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08 Jan 2024
In the past few months there have been four similar suits filed in New York against OpenAI and Microsoft. All four look superficially similar, and all are likely to be heard by the same judge, but one of them is a lot stronger than the other three.
The first was filed in September by the Authors Guild on behalf of several well known fiction writers, purporting to be a class action on behalf of every author of a work of fiction that has sold over 5,000 copies. It lays out in great detail the many books their authors have written, and then describes in snarky detail how LLMs and GPT work. Then for each author, they say that one can prompt GPT and get accurate summaries of the books, and in a few cases it wrote plot outlines of sequels. While this certainly shows that GPT was trained on their books, the proper response is so what?
There is a separate complaint that the copies of the books they used to train came from online pirate text archives. That may well be true, but again, so what? If OpenAI had bought an ebook copy of each book they used for training, the Guild would still have the identical complaint. If they object to the pirated books (which they have every right to do), they need to go after the pirates.
The Guild, to which I belonged long ago, before they sued Google and lost about book scanning, has persuaded itself that every word its members write is a priceless jewel, any use whatsoever needs to be licensed and paid, and fair use basically doesn't exist.
This is, to put it mildly, not what copyright law says. If you couldn't write summaries, book reviews would be illegal. If someone used the plot outlines to write and publish sequels, that would be a copyright problem, but a one-off response to a query, again, so what? In the recent Andy Warhol case, the Supreme Court ruled that Warhol's art prints based on a copyrighted photograph weren't a problem, but licensing those prints for magazine covers in competition with the photograph was. Two important parts of fair use are whether the use is ``transformative'', doing something different from the original, and what effect it has on the market for the original. In this case, a summary or possible sequel plot are not the same thing as the original book, and the effect on the market nonexistent. I expect this suit will be disposed of quickly in OpenAI's favor.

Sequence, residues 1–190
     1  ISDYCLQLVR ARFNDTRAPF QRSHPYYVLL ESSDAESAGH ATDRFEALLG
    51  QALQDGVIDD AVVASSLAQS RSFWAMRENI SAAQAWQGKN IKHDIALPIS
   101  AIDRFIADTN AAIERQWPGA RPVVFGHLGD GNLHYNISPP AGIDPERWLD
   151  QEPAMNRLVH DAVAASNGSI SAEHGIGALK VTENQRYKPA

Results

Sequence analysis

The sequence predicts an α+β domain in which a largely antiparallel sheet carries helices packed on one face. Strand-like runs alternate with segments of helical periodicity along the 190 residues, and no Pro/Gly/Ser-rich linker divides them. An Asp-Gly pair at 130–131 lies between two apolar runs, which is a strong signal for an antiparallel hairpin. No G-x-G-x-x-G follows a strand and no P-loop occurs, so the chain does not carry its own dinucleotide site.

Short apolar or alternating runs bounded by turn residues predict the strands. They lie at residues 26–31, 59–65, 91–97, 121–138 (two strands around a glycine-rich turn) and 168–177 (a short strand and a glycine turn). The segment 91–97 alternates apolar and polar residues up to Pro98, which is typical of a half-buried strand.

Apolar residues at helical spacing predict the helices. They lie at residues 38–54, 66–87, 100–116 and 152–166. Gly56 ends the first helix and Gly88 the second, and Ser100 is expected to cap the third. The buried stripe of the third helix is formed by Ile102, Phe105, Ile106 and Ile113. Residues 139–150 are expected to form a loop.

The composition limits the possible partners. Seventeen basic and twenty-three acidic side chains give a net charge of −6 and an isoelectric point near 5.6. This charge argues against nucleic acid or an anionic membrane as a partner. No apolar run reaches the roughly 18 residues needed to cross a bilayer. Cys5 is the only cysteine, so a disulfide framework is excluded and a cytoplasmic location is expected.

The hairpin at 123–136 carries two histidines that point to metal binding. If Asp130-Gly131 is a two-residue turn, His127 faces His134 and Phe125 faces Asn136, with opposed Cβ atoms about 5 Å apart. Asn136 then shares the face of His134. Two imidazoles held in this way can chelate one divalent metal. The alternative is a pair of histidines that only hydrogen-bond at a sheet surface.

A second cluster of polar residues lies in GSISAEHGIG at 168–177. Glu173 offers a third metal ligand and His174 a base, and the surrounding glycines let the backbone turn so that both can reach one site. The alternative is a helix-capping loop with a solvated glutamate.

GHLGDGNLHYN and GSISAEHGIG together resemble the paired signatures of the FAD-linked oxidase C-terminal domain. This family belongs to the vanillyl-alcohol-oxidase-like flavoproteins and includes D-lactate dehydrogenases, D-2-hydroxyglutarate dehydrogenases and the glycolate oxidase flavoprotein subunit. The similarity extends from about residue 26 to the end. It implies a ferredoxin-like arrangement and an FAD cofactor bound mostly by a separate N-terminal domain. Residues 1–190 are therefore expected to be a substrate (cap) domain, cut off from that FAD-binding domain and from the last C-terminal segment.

In November nonfiction writer Julian Sancton filed a very similar suit, amended the following month to include 11 other authors, this time purporting to be a class action on behalf of everyone who's ever written a nonfiction book. It makes nearly identical claims that GPT was trained on their books, and complains in slightly more detail that the copies they were trained on were pirated. This case has been assigned to the same judge and I expect it to be equally unsuccessful.
In early January journalists Nicholas Basbanes and Nicholas Gage filed yet another copycat suit, again complaining that GPT was trained on pirated copies of their books, with the class this time purporting to be every author whose works have been used to train the LLMs. I presume this will be consolidated with the other two cases since the classes overlap, and will meet the same fate.
The one case that is somewhat stronger was filed at the end of December by The New York Times. It makes all of the same complaints about GPT using their materinal without permission, but unlike the other three cases, they make an argument that is at least somewhat plausible that it's not fair use.
One of the attachments to the compplaint shows a hundred examples where they prompted GPT-4 with the first part of an article, and it responded with the rest of the article or a close paraphrase. Given the way LLMs work, one response would be to say, well, if you give it the first half of the article, what else would you expect? But I think this also provides some support for the argument that the way OpenAI has used the Times' articles is too close to a substitute for the Times itself.
In the US, whether something is fair use is very case specific and judges have to look at four factors listed in the law, the fourth being the effect on the market for the work. If the Times can make a credible argument that people use GPT to evade their paywall, or to get their Wirecutter column's product advice without looking at the column, that would be a strong fourth factor argument against fair use.
Finally, remember that "how are newspapers supposed to make money?" is an interesting question, but not one that is particularly relevant to this case. In the U.S. the point of copyright law is to give authors an incentive to write stuff, but not to make any sort of promise that they'll be financially successful. When Craigslist destroyed the classified ad business, that was great for all of the people who can now place ads for free, financially unfortunate for the newspapers that depended on classified ads, but it was not up to Craigslist to replace the lost income. In the same vein, while there are open questions of what is allowable under fair use and what is not, "the newspapers need the money", even if true, is not part of the discussion.
All four cases name Microsoft as a co-defendant, and it is obvious that the reason they do is that Microsoft has much deeper pockets than OpenAI. Unless OpenAI and the Times settle quickly (not out of the question since they were negotiating before the suit was filed), this case looks like a long slog with a great deal of discovery about exactly what training material was used, how they used it, and duelling expert reports on what that means.
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